While most rosaries these days consist of glass or wooden prayer beads, there was a time when wealthy Europeans used ‘prayer nuts’ – minutely detailed, small-scaled boxwood carvings. Each nut was a masterpiece in itself, decorated on the interior and exterior with intricate carvings representing Biblical stories.
The delicate wooden orbs were designed to be worn on a rosary, or on a belt by members of the nobility or wealthy merchant classes in northern Europe. At times, fragrant substances may have been inserted into the orbs, so that the nuts may have served as pomanders as well.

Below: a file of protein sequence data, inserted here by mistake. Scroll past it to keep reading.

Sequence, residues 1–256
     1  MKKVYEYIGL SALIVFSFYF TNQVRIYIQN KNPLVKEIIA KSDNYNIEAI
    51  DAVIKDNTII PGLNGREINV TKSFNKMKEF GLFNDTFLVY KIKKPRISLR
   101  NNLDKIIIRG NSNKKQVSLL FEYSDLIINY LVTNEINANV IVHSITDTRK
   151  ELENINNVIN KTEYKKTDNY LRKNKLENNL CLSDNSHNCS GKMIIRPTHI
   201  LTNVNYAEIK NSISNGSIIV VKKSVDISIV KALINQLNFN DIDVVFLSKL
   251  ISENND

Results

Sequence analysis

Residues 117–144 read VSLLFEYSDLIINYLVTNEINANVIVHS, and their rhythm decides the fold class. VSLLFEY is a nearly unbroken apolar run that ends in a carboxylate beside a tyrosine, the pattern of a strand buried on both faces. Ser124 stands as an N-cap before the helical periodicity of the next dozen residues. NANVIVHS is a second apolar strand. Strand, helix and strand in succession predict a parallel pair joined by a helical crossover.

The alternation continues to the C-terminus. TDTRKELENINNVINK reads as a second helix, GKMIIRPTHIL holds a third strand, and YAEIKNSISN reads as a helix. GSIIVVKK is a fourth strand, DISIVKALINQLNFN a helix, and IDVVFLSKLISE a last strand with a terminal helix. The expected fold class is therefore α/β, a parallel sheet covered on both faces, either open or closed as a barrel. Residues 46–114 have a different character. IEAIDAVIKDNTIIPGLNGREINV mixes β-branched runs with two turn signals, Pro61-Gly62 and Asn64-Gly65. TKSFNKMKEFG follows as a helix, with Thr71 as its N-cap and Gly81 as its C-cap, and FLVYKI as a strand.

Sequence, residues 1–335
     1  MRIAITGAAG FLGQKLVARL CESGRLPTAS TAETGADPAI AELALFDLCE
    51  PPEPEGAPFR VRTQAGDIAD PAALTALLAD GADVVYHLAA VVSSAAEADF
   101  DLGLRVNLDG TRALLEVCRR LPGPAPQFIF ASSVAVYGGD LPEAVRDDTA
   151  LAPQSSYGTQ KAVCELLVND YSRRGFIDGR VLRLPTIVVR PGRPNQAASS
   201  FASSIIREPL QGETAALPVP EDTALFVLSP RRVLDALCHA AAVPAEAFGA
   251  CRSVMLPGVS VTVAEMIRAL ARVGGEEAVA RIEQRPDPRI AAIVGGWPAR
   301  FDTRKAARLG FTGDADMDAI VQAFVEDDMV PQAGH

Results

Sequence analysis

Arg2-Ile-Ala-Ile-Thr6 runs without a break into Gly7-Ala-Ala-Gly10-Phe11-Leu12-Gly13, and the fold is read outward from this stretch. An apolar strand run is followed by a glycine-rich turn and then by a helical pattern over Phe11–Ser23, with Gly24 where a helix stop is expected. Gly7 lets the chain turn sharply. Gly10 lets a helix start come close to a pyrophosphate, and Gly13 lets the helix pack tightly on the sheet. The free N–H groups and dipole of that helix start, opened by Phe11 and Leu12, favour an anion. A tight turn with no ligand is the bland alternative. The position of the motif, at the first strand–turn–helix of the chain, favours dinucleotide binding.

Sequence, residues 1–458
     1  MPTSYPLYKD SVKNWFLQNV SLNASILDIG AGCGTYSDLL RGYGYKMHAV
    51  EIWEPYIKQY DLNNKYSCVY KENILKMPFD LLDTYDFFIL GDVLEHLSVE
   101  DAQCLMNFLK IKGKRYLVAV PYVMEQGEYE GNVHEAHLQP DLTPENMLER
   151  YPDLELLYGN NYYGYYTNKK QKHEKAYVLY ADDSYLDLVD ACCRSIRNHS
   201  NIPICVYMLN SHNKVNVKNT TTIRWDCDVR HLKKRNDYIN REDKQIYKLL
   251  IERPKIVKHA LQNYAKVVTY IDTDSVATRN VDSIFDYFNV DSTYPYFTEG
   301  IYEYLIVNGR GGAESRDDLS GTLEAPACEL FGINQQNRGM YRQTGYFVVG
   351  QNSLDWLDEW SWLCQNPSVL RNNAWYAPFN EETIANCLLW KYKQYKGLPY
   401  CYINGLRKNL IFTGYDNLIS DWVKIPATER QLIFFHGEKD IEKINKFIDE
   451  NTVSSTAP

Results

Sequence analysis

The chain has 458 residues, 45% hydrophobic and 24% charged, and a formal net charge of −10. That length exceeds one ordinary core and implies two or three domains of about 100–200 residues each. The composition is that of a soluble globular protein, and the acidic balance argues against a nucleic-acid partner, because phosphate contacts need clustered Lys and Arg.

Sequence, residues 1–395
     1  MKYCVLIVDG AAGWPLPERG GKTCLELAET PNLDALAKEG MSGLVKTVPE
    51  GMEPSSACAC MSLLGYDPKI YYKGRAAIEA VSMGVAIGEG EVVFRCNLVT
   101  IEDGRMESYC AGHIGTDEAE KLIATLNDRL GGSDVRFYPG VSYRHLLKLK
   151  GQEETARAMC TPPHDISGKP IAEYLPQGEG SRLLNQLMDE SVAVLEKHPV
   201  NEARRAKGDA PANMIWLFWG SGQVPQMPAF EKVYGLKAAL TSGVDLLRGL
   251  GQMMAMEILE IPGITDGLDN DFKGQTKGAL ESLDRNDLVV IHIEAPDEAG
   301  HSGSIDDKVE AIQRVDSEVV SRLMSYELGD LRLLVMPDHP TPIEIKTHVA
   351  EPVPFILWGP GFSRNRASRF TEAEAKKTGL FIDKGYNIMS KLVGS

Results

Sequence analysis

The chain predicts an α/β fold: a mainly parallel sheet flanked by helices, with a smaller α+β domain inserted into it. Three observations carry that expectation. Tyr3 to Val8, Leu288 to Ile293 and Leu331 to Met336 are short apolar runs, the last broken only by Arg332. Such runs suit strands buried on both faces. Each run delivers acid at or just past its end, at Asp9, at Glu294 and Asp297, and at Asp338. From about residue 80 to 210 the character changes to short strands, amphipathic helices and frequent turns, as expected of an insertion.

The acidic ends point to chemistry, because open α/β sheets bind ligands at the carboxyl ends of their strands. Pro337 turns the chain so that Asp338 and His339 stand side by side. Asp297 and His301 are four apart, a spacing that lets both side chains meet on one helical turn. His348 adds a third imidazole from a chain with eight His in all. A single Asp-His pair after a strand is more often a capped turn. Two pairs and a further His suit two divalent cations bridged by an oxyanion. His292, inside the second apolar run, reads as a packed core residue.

Recent studies suggest that prayer nuts of the early 16th century were reduced to such a small scale that they might have become impractical to use. The religious significance might have faded away, and these nuts may have later been made just to be studied and marveled at, as private collectors’ items.